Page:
Tualatin mayor and 51 others support controversial merger of cable and Internet companies

Ogden was one of several mayors across the country to sign a petition calling for a merger between Comcast and Time Warner.Tualatin Mayor Lou Ogden is the only mayor in Oregon to sign a letter supporting the merger of broadcast and cable giant Comcast with Time Warner Cable.

A letter signed by 52 mayors from across the country in support of the the merger was sent to the Federal Communications Commission earlier this summer.

Since the letter and its supporters were made public in August, the mayor has received several emails from concerned residents, upset about the ramifications on the Internet if the merger were to go through.

At issue is the idea of Net Neutrality, the thought that all Internet data should be treated equally by the government and Internet providers. Lately, Internet users have worried that this may change.

In February, Internet provider Comcast and cable provider Time Warner proposed a merger, which they say won't jeopardize competition and lead to a monopoly because there isn't crossover in their coverage areas. The deal, in which Comcast would buy TWC for $45 billion, according toThe New York Times, has led to feelings commonly ranging from concern to outrage from some.

The concern is that the Internet will change as we know it by allowing companies to charge different rates to different users, or for different types of content.

Earlier this year, Comcast allegedly forced streaming service Netflix to pay more for its services by slowing down its loading speeds. (Netflix eventually paid up, according to numerous sources, including Time Magazine, which also wrote that Comcast denied that the debacle had anything to do with net neutrality.)

'Trying to get whole perspective'

Ogden said he signed the letter out of the best interest of the people. Based on the letter, the merger would lead to better, more well-rounded service, Ogden said.

“I didn't spend a whole lot of time contemplating, researching, or analyzing,” he said. “I've been criticized before for admitting my ignorance.”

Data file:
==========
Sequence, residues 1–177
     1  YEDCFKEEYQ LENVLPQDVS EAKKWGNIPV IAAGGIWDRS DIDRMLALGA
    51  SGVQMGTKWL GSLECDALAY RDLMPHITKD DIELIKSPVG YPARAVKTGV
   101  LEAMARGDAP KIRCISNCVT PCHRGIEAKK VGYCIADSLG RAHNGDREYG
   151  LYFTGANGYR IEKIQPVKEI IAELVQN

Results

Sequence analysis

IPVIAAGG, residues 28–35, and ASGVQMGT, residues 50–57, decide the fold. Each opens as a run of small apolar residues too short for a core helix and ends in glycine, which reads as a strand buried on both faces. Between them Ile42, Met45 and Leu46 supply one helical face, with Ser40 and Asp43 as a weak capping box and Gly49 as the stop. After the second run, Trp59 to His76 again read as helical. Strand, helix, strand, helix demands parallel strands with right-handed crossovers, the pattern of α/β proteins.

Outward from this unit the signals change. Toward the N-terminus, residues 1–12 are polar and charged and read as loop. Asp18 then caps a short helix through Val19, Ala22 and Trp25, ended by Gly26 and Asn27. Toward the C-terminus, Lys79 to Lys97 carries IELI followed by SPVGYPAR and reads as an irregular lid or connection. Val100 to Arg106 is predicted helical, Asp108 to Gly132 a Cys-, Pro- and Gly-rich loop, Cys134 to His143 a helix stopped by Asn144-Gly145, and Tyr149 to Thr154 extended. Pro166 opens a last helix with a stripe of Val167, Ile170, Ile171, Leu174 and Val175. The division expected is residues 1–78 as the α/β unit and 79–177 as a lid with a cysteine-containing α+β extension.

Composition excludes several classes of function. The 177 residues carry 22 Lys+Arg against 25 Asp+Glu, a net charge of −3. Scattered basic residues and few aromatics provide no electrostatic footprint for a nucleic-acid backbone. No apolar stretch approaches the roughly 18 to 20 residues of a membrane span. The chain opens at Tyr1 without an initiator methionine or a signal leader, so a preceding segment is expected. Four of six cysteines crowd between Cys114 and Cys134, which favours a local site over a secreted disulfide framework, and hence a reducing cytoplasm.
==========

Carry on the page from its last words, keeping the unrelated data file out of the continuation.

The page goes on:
Comcast has also historically supported community events, and Ogden said he hasn't received any more complaints about their service within Tualatin than any other company.

“I don't know why I got the letter,” Ogden said. “I don't know any other Oregon mayors who received it. I'm not saying they didn't, but I've talked to about half a dozen (others), and they haven't.”

Ogden received the letter from Philadelphia, Penn., mayor Michael Nutter, seeking his support. The two have worked on committees together in the past, so it wasn't strange for the East Coast politician to reach out, Ogden said. Comcast is based in Philadelphia.

When Ogden signed the letter, he said he wasn't aware of the blatant hatred for the companies --- Comcast was named Consumerist's 'Worst Company in America' this year, with Time Warner Cable not far behind --- but he said that he was glad to hear from residents with a different viewpoint on the merger.

“I've appreciated every (conversation I’ve had about it),” Ogden said. “I honestly mean it, because these folks are telling me stuff that I hadn't considered was an issue, like net neutrality and the ability for a company to become more monopolistic.

“I'm trying to get the whole perspective here,” he added. “There's nothing in the letter that is nonsensical. What I didn't know, or what was not in the letter, was addressing some of the concerns that have been brought up.”

Ogden said that he has since learned more about the merger, but said he won’t be retracting his endorsement of the merger, at least not yet.

“I don't think I have a need to retract what's in the letter,” he said. “If there's more info and another side that needs to be amplified, I'm certainly happy to support the other side to the degree that it makes sense and I understand it. If there's more to be told, I'm certainly open-minded and willing and happy to participate.”

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